In The Missing Millionaire, Katie Daubs tells the story of the Small mystery, weaving together a gripping narrative with the social and cultural history of a city undergoing immense change. Daubs examines the characters who were connected to the case as the century carried on: Ambrose”s religious wife, Theresa; his long-time secretary, Jack Doughty; his two unmarried sisters, Florence and Gertrude; Patrick Sullivan, a lawless ex-policeman; and Austin Mitchell, an overwhelmed detective. A series of trials exposed Small’s tumultuous business and personal relationships, while allegations and confessions swirled. But as the main players in the Small mystery died, they took their secrets to the grave, and Ambrose Small would be forever missing.
Drawing on extensive research, newly discovered archival material, and her own interviews with the descendants of key figures, Katie Daubs offers a rich portrait of life in an evolving city in the early twentieth century. Delving into a crime story about the power of the elite, she vividly recounts the page-turning tale of a cold case that is truly stranger than fiction.
Title: Missing from the Village: The Story of Serial Killer Bruce McArthur, the Search for Justice, and the System That Failed Toronto’s Queer Community
Written by: Justin Ling
What It’s About: In 2013, the Toronto Police Service announced that the disappearances of three men–Skandaraj Navaratnam, Abdulbasir Faizi, and Majeed Kayhan–from Toronto”s gay village were, perhaps, linked. When the leads ran dry, the investigation was shut down, on paper classified as “open but suspended.” By 2015, investigative journalist Justin Ling had begun to retrace investigators” steps, convinced there was evidence of a serial killer. Meanwhile, more men would go missing, and police would continue to deny that there was a threat to the community. On January 18, 2018, Bruce McArthur, a landscaper, would be arrested on suspicion of first-degree murder. In February 2019, he was sentenced to life in prison for the murders of eight men.
This extraordinary book tells the complete story of the McArthur murders. Based on more than five years of in-depth reporting, this is also a story of police failure, of how the queer community responded, and the story of the eight men who went missing and the lives they left behind. In telling that story, Justin Ling uncovers the latent homophobia and racism that kept this case unsolved and unseen. This gripping book reveals how police agencies across the country fail to treat missing persons cases seriously, and how policies and laws, written at every level of government, pushed McArthur”s victims out of the light and into the shadows.
Title: The Massey Murder: A Maid, Her Master and the Trial that Shocked a Nation
Written by: Charlotte Gray
What It’s About: In February 1915, a member of one of Canada’s wealthiest families was shot and killed on the front porch of his home in Toronto as he was returning from work. Carrie Davies, an 18-year-old domestic servant, quickly confessed. But who was the victim here? Charles “Bert” Massey, a scion of a famous family, or the frightened, perhaps mentally unstable Carrie, a penniless British immigrant? When the brilliant lawyer Hartley Dewart, QC, took on her case, his grudge against the powerful Masseys would fuel a dramatic trial that pitted the old order against the new, wealth and privilege against virtue and honest hard work. Set against a backdrop of the Great War in Europe and the changing faceof a nation, this sensational crime is brought to vivid life for the first time.
As in her previous bestselling book, Gold Diggers—adapted into the Discovery Television miniseries Klondike—multi-award-winning historian and biographer Charlotte Gray has created a captivating narrative rich in detail and brimming with larger-than-life personalities, as she shines alight on a central moment in our past.
Title: Murdered Midas: A Millionaire, His Gold Mine, and a Strange Death on an Island Paradise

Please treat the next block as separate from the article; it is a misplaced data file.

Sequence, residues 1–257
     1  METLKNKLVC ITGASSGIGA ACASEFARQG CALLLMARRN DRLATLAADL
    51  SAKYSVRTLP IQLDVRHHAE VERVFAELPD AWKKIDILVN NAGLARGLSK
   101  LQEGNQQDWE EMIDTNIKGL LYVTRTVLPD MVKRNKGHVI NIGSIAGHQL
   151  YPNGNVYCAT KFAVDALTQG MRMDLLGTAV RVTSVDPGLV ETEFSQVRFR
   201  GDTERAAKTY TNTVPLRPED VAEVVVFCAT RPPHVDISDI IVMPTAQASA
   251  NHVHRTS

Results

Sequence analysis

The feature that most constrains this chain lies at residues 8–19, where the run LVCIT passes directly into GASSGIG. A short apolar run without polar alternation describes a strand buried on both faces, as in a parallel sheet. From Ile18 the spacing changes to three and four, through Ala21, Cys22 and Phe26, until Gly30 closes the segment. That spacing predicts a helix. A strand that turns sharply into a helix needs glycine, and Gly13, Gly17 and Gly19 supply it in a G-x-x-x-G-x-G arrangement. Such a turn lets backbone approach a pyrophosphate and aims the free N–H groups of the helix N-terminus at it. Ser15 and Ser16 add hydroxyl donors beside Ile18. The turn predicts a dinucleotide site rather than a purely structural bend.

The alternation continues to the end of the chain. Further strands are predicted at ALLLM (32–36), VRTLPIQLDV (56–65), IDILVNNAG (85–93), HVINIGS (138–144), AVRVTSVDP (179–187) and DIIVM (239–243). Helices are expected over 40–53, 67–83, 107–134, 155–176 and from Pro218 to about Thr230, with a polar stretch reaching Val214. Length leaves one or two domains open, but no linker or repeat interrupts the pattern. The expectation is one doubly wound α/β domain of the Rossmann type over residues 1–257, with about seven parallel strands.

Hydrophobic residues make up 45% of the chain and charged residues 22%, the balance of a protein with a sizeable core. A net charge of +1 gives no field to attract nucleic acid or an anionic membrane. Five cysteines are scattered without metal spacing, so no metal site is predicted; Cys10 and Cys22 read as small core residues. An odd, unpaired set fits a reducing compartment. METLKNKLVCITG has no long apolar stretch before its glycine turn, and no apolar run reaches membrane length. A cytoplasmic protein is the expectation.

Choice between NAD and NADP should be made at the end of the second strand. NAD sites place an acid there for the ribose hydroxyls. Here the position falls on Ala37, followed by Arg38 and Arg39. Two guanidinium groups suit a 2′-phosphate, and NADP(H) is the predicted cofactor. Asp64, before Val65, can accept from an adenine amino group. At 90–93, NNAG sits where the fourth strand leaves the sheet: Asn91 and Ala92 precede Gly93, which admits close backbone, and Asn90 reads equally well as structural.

Written by: Charlotte Gray
What It’s About: On an island paradise in 1943, Sir Harry Oakes, gold-mining tycoon, philanthropist and one of the richest men in the British Empire, is murdered. The news of his death surges across the English-speaking world, from London, the Imperial centre, to the remote Canadian mining town of Kirkland Lake in the Northern Ontario bush. The murder becomes celebrated as the crime of the century.
The layers of mystery deepen as the involvement of Count Alfred de Marigny, Oakes’s son-in-law, comes into question. Also suspicious are the odd machinations of the governor of the Bahamas, the former King Edward VIII. But despite a sensational trial, no murderer is convicted. Rumours about Oakes’s missing fortune are unrelenting, and fascination with the story has persisted for decades.
Award-winning biographer and popular historian Charlotte Gray explores the life of the man behind the scandal—from his early, hardscrabble days during the massive mineral rush in Northern Ontario, to the fabulous fortune he reaped from his own gold mine, to his grandiose gestures of philanthropy. And Gray brings fresh eyes to the bungled investigation and shocking trial on the remote colonial island, proposing an overlooked suspect in this long cold case. Murdered Midas is the story of the man behind the newspaper headlines, a man both admired and reviled who, despite great wealth and public standing, never experienced justice.
Title: Highway of Tears: A True Story of Racism, Indifference and the Pursuit of Justice for Missing and Murdered Indigenous Women and Girls
Written by: Jessica McDiarmid
What It’s About: For decades, Indigenous women and girls have gone missing or been found murdered along an isolated stretch of highway in northwestern British Columbia. The highway is known as the Highway of Tears, and it has come to symbolize a national crisis.
Journalist Jessica McDiarmid investigates the devastating effect these tragedies have had on the families of the victims and their communities, and how systemic racism and indifference have created a climate where Indigenous women and girls are over-policed, yet under-protected. Through interviews with those closest to the victims—mothers and fathers, siblings and friends—McDiarmid offers an intimate, first-hand account of their loss and relentless fight for justice. Examining the historically fraught social and cultural tensions between settlers and Indigenous peoples in the region, McDiarmid links these cases to others across Canada—now estimated to number up to 4,000—contextualizing them within a broader examination of the undervaluing of Indigenous lives in this country.